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This chapter is from the book

Antirequirements

The App Store lets customers browse all the software available for the platform, all in one place. Being up front about what your app is good at can make all the difference in whether people give it a chance. But it’s just as important to differentiate your app from other apps in the store by specifying what it isn’t for.

There are heaps of expense-report apps for business travelers and money-management apps that aim to balance your entire household budget. SnackLog is neither of those things, and making that clear will help you find your niche and keep you focused as you design. You don’t necessarily need to be explicit in your App Store description about what your app doesn’t do. But after potential users read your description and see your screenshots, there shouldn’t be any doubt in their minds about what your app does. There should be as little chance as possible that people will get the wrong idea about your app and download it when they actually wanted something slightly different.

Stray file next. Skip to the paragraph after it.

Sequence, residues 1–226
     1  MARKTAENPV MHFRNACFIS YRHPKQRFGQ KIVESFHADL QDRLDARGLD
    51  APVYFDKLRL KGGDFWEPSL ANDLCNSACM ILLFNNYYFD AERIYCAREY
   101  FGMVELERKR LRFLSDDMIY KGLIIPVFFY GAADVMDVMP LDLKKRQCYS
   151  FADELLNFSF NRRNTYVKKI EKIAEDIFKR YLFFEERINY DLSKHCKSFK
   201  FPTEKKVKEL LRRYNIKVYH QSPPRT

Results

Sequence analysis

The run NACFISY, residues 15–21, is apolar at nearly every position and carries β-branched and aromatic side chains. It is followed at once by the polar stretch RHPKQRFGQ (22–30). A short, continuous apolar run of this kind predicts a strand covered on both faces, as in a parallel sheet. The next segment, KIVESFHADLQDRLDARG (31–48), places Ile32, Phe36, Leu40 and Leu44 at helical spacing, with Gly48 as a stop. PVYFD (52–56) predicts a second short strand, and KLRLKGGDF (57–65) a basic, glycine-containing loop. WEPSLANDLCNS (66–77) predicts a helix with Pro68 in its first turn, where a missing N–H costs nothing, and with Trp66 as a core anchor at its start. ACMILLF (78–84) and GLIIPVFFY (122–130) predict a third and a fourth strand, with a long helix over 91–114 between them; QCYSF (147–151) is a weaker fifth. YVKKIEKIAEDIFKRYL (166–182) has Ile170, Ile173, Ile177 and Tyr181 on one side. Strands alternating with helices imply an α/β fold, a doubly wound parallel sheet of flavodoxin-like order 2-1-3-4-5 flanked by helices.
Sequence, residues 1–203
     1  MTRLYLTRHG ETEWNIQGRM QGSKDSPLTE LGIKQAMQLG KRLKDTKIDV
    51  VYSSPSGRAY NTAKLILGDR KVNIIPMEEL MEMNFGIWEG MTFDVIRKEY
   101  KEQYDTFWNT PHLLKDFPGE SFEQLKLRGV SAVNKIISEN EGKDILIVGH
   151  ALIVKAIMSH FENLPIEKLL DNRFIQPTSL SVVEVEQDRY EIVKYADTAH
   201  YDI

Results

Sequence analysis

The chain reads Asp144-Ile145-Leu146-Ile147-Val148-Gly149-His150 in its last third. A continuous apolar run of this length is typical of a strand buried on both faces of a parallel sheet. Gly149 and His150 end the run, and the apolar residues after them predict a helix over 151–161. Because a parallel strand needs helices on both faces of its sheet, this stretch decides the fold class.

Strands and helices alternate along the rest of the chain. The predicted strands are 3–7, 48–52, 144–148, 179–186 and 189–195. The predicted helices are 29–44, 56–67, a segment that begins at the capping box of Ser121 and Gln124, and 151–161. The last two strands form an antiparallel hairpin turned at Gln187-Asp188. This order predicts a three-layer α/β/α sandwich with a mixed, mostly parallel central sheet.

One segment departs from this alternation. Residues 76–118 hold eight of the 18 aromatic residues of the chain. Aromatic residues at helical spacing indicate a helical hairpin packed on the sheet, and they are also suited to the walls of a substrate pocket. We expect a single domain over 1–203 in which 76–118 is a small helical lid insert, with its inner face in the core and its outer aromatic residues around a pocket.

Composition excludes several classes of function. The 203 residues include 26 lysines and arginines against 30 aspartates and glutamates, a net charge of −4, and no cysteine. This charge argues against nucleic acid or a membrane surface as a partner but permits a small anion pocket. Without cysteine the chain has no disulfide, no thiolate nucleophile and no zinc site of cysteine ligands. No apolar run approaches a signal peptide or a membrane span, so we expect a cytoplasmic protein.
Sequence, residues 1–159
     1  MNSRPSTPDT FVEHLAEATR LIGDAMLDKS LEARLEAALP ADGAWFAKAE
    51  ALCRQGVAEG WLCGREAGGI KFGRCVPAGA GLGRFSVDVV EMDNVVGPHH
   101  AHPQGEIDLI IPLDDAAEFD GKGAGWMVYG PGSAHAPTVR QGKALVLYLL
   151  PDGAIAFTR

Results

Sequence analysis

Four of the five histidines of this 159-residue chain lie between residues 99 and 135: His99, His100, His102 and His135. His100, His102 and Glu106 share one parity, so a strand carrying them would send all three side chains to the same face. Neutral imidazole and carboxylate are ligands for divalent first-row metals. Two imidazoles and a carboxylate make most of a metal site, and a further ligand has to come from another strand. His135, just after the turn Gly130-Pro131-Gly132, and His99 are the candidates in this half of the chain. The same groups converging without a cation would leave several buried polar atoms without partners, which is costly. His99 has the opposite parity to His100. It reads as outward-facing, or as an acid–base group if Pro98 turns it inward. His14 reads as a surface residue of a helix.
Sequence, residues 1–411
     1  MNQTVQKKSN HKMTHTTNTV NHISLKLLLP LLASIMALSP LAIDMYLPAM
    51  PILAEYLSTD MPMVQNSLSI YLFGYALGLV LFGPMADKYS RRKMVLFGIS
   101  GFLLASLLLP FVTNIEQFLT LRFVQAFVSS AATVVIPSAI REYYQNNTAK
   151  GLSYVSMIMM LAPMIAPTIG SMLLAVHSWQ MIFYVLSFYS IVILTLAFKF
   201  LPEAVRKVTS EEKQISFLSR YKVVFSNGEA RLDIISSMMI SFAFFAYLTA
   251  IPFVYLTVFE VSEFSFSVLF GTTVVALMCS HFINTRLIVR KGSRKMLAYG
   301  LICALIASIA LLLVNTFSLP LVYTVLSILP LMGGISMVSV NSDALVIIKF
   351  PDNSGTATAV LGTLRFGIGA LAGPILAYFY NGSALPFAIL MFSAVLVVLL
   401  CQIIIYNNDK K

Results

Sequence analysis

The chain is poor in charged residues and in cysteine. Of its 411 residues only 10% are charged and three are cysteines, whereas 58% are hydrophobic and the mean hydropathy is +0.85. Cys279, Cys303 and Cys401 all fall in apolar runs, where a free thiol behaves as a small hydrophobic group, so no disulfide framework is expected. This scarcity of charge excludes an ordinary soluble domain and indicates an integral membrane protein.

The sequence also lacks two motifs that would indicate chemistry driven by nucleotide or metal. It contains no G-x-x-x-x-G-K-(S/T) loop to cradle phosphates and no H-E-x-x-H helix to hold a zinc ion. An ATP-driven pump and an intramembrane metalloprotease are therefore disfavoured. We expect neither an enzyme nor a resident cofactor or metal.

User feedback is crucial to understanding how people feel about using your app. But some often-requested features might be things that you genuinely don’t think fit with your philosophy. Don’t go up against your competition feature-for-feature, or implement popularly requested features, if you don’t really think they fit with the personality of the app you want to make. Stick to your antirequirements! There is plenty of room in the App Store for a slew of apps that concentrate on alternative approaches to solving the same problem. See Chapter 11, Focused and Versatile, for more about narrowing the features in your product.

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